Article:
Skip Ribbon Commands Skip to main content
 

 Global - Sci - Tech - News - Content

 
Australian men on top when it comes to life expectancy Update: 28-08-2019
Australian men are now living longer than any other group of males in the world, according to new research from The Australian National University (ANU).


The study introduces a new way of measuring life expectancy, accounting for the historical mortality conditions that today's older generations lived through.

By this measure, Australian men, on average, live to 74.1.

The news is good for Australian women too; the study shows they're ranked second, behind their Swiss counterparts.

Dr Collin Payne co-led the study, which used data from 15 countries across Europe, North America and Asia with high life expectancies.

"Popular belief has it that Japan and the Nordic countries are doing really well in terms of health, wellbeing, and longevity. But Australia is right there," Dr Payne said.

"The results have a lot to do with long term stability and the fact Australia's had a high standard of living for a really, really long time. Simple things like having enough to eat, and not seeing a lot of major conflict play a part."

Dr Payne's study grouped people by year of birth, separating 'early' deaths from 'late' deaths, to come up with the age at which someone can be considered an 'above-average' survivor.

"Most measures of life expectancy are just based on mortality rates at a given time," Dr Payne said.

"It's basically saying if you took a hypothetical group of people and put them through the mortality rates that a country experienced in 2018, for example, they would live to an average age of 80.

"But that doesn't tell you anything about the life courses of people, as they've lived through to old age.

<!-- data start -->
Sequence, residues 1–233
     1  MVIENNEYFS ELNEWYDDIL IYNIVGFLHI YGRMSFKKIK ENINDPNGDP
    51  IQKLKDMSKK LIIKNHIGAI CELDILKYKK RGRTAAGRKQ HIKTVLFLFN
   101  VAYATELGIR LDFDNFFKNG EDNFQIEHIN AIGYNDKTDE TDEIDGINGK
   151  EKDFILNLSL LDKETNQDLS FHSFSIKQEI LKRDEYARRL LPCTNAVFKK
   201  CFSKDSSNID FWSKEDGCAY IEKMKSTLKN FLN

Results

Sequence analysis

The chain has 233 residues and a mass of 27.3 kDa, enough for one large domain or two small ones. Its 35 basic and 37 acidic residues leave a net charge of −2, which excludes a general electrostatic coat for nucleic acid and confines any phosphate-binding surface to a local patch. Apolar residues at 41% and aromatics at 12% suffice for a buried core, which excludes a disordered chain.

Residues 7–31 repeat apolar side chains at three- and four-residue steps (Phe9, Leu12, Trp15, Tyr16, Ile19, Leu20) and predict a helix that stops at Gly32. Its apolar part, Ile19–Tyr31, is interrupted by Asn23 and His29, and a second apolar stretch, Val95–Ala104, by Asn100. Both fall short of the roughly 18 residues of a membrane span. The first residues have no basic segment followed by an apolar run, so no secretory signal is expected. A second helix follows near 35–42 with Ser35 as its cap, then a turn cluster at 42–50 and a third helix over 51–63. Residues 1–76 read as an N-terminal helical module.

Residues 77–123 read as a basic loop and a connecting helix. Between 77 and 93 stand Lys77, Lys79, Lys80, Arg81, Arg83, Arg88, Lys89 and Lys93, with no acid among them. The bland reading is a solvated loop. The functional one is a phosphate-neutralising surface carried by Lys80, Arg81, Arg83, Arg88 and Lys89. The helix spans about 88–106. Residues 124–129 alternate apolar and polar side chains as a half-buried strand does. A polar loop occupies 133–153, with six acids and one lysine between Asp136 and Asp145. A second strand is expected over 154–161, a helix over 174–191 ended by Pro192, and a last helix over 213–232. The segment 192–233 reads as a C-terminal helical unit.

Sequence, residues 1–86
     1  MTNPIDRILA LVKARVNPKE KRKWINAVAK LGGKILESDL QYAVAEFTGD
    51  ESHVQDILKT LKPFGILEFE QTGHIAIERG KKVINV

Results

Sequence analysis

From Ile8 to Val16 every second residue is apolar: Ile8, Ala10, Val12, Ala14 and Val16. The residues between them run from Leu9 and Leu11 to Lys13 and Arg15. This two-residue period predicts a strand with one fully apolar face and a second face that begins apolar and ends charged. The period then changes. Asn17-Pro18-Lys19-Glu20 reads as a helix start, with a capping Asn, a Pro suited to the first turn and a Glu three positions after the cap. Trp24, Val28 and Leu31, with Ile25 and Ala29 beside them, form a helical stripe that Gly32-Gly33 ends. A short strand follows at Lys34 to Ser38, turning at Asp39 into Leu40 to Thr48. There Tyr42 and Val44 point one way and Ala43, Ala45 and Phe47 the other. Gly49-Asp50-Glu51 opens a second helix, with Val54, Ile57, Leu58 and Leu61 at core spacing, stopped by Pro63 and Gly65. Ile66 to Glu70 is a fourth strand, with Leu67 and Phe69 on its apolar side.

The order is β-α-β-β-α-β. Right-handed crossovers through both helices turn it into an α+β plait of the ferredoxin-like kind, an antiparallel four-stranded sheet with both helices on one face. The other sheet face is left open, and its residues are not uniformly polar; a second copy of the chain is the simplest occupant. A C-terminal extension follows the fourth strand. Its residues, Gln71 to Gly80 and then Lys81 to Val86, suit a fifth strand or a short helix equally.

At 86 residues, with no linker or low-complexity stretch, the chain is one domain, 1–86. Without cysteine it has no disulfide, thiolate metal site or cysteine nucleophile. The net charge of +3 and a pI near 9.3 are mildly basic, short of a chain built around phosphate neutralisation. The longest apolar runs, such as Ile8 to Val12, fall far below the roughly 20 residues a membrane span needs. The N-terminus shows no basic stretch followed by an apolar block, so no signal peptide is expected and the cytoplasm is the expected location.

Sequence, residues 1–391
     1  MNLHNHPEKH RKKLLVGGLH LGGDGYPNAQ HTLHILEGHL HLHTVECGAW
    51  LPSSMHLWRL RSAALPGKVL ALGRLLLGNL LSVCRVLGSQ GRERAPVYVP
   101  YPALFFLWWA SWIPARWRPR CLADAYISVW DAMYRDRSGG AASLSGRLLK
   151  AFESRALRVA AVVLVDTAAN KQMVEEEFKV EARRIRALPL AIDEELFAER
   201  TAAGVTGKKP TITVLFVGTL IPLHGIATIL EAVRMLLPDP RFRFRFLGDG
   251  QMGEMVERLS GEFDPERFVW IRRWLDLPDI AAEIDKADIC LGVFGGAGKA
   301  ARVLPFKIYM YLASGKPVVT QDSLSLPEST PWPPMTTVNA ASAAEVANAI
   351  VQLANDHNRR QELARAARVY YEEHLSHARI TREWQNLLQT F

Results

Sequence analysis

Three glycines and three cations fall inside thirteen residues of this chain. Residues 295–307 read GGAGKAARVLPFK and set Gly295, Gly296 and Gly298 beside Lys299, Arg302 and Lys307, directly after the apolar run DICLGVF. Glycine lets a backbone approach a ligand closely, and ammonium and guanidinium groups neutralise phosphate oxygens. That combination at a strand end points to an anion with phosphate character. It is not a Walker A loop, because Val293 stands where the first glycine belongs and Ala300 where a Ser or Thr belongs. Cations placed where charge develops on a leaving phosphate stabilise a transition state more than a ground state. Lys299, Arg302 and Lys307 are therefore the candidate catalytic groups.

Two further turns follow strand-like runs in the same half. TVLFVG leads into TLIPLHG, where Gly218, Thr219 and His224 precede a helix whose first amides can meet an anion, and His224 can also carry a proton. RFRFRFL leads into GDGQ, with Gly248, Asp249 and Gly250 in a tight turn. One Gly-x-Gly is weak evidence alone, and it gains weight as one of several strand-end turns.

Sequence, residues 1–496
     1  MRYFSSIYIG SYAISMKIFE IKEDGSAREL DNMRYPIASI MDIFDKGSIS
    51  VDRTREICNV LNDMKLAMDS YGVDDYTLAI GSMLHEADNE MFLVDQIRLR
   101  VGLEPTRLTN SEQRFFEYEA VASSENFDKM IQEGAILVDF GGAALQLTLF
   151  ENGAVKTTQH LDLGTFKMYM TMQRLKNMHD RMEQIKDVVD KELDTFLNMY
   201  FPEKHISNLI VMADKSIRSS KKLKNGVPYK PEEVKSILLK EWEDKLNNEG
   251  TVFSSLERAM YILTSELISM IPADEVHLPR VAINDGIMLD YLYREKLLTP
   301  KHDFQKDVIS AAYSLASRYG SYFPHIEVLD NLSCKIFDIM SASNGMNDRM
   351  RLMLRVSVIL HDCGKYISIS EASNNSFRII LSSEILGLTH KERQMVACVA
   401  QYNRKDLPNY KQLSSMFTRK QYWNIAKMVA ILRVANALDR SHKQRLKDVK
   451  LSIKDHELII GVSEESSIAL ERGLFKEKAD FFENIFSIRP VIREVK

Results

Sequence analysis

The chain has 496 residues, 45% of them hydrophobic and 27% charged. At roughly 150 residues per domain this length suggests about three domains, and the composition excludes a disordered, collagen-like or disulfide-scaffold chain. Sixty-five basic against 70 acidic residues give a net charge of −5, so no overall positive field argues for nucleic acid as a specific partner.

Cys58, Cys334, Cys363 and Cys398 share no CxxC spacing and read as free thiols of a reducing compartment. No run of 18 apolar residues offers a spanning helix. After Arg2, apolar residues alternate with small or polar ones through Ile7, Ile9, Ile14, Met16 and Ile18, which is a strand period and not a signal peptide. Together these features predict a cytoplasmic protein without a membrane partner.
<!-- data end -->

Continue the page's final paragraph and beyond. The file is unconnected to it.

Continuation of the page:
"Our measure takes the life course into account, including mortality rates from 50, 60, or 70 years ago.

"What matters is we're comparing a group of people who were born in the same year, and so have experienced similar conditions throughout their life."

Dr Payne says this method allows us to clearly see whether someone is reaching their cohort's life expectancy.

"For example, any Australian man who's above age 74 we know with 100 per cent certainty has outlived half of his cohort - he's an above average survivor compared to his peers born in the same year," he said.

"And those figures are higher here than anywhere else that we've measured life expectancy.

"On the other hand, any man who's died before age 74 is not living up to their cohort's life expectancy."

Dr Payne says there are a number of factors which might've contributed to Australia jumping ahead in these new rankings.

"Mortality was really high in Japan in the 30s, 40s and 50s. In Australia, mortality was really low during that time," Dr Payne said.

"French males, for example, drop out because a lot of them died during WW2, some from direct conflict, others from childhood conditions."

Dr Payne is now hoping to get enough data to look at how rankings have changed over the last 30 or 40 years.

The research has been published in the journal Population Studies.

Via Eurekalert

Posts on:
Select a date from the calendar.
 
 

 Video Clip

 
  • The NA Chairwoman - Nguyen Thi Kim Ngan - hosted a reception in Hanoi on Jan 29 for Mr Tsutomu Takebe, the special advisor to Japan - Vietnam Friendship Parliamentary Alliance, who confirmed his continued contributions to developing 2 countries’ relations
  • The National Assembly Chairwoman Nguyen Thi Kim Ngan has complimented Vietnam’s U23 football team – the runner-up of the Asian Football Confederation U23 Championship (AFC), on their excellent performance and historical achievements at the continental spo
  • Vietnam U23 welcomed home: State PM Phuc welcomed in Hanoi on January 28 U23 Vietnam – the runner - up of the Asian Football Confederation U23 Championship - AFC in China, praising their excellent performance and achievements at the continental tournament
  • U23 Vietnamese football team’s return wows the foreign press: the impressive performances of the red - shirts have left a mark on the international media, as well as on the hearts of millions of football fans not only in Vietnam but all over the region
  • The Asian Football Confederation has an article praising Vietnam’s final game in Changzhou, China; it said the match at the final round wrapped up Vietnam’s memorable journey but it will live forever in the memory of fans in this Southeast Asian country
  •  

     Photo Library